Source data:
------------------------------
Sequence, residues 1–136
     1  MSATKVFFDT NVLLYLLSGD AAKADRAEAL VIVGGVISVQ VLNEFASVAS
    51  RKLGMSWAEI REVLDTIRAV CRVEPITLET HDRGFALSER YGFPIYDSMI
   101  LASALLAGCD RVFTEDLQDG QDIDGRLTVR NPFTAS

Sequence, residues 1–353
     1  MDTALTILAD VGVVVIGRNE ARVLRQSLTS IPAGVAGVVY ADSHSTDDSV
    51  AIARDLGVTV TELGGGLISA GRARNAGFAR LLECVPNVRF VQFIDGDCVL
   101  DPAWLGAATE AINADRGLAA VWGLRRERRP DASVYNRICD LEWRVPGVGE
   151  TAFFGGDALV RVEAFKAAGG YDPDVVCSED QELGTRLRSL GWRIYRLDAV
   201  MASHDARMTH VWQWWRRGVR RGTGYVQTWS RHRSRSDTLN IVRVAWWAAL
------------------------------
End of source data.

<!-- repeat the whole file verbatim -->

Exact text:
Sequence, residues 1–136
     1  MSATKVFFDT NVLLYLLSGD AAKADRAEAL VIVGGVISVQ VLNEFASVAS
    51  RKLGMSWAEI REVLDTIRAV CRVEPITLET HDRGFALSER YGFPIYDSMI
   101  LASALLAGCD RVFTEDLQDG QDIDGRLTVR NPFTAS

Sequence, residues 1–353
     1  MDTALTILAD VGVVVIGRNE ARVLRQSLTS IPAGVAGVVY ADSHSTDDSV
    51  AIARDLGVTV TELGGGLISA GRARNAGFAR LLECVPNVRF VQFIDGDCVL
   101  DPAWLGAATE AINADRGLAA VWGLRRERRP DASVYNRICD LEWRVPGVGE
   151  TAFFGGDALV RVEAFKAAGG YDPDVVCSED QELGTRLRSL GWRIYRLDAV
   201  MASHDARMTH VWQWWRRGVR RGTGYVQTWS RHRSRSDTLN IVRVAWWAAL